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Brand Thinking Blog
Posted on December 1, 2011 at 4:05 pm
When Google+ launched last summer, companies eager to take part in the web’s newest social media app were told Google+ was not yet open for business. The wait is now over: A few weeks ago, Google unveiled its +1 Business Pages. This application enables companies to participate in Google’s social network much like they would on Facebook, by setting up a brand page. Coca-Cola, Ford and Bank of America have already jumped on the +1 bandwagon.
But should you? Why bother with another social media site when you already have an established brand presence on Facebook and a whole flock of Twitter followers?
Some key differences set +1 apart from rival Facebook that could make it attractive to businesses. One thing to bear in mind is that Google gets over 1 billion visitors a day (though as is the case with Facebook, Google is a pay-per-click, meaning that the number of clicks still defines the price but does not necessarily reflect brand exposure). Consumers can simply enter the firm name +1 in the Google search window and they will be ushered immediately to the firm’s name and logo in a drop-down menu that links to the company’s site. The direct linking of Google+ business to Google search may mean that SEO will change. As Forbes.com explains, “Instead of being an aggregator or a channel to find blog posts about your firm, G+ will instead be both the platform and means of distribution for content.”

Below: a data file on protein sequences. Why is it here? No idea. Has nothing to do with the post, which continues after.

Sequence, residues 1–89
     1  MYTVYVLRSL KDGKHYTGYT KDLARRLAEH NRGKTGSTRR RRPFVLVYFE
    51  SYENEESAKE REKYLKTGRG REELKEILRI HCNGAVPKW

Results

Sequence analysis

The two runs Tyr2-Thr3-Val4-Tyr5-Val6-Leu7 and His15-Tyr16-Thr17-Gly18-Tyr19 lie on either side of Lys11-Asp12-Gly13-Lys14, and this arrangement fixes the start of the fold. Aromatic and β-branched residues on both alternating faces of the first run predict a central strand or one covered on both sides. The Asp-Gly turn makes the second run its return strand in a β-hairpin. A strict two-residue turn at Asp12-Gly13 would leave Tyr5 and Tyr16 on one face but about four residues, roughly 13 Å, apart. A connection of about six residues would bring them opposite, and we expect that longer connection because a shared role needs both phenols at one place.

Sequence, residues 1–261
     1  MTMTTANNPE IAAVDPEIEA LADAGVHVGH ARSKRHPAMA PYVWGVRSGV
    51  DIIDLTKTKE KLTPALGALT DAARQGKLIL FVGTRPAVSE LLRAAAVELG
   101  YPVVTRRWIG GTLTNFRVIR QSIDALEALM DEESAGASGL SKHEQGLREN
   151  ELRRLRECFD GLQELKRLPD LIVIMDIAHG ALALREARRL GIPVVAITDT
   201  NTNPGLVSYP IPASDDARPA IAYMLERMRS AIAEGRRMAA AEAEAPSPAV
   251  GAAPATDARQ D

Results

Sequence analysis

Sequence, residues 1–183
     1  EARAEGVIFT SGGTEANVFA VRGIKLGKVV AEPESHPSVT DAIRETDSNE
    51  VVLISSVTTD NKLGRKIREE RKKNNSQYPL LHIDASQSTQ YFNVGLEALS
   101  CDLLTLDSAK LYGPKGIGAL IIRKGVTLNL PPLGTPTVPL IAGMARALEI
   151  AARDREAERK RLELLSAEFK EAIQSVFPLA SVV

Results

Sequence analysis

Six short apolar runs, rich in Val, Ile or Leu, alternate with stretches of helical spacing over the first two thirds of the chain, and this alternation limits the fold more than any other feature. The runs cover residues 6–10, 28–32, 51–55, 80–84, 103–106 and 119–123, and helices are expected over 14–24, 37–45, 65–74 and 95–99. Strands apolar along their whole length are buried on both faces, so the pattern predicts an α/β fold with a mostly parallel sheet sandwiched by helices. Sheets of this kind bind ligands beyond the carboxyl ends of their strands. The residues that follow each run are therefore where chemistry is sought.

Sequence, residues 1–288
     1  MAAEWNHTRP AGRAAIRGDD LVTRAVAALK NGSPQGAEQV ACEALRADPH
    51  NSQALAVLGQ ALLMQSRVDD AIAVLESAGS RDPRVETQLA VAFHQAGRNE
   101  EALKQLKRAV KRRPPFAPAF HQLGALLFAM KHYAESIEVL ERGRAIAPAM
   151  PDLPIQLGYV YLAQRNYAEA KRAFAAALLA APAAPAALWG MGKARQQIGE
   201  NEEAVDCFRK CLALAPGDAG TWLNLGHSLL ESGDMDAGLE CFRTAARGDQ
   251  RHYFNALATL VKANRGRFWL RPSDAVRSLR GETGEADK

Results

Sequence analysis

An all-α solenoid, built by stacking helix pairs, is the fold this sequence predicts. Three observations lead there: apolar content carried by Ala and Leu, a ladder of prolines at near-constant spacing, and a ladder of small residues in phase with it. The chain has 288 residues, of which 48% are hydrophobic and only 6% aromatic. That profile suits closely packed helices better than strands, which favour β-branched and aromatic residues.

What really sets Google+ apart from Facebook, however, is its “circles” feature. Essentially, the circles are groups of contacts separated by categories such as friends, colleagues, etc. The importance of this feature to businesses is that they can create circles specific to their marketing targets. As Andrew Cherwenka in the Huffington Post explains: “Brands can create robust content calendars with posts intended just for certain cities, ages, gender and languages. Imagine Pizza Hut sending a family dine-in update to 35-year-old mothers in Toronto and a take-out offer just to 22-year-old guys in Thunder Bay. To brands, that’s gold.”
Additionally, Google users can give your brand page the +1 mark of approval (similar to Facebook’s “like” button), singling you out as a trusted search result. So if, for example, your firm specializes in antitrust, you could post blog entries discussing legal developments in antitrust or information on cases won by your firm. Users can potentially give you the thumb’s up by clicking the icon, indicating you are a tried-and-true source of information in this area.
There is no denying Google+ has tremendous potential. But will it be realized? Some commenters have noted, despite its intriguing features, Google+ business pages have not yet attracted the large numbers of users Facebook has. More worrying is a definite decline in activity ON Google+. It may be that consumers are simply too used to Facebook to be that interested in Google+. But it is early days. If Google+ catches on, its +1 business pages could become a powerful marketing tool. Stay tuned.
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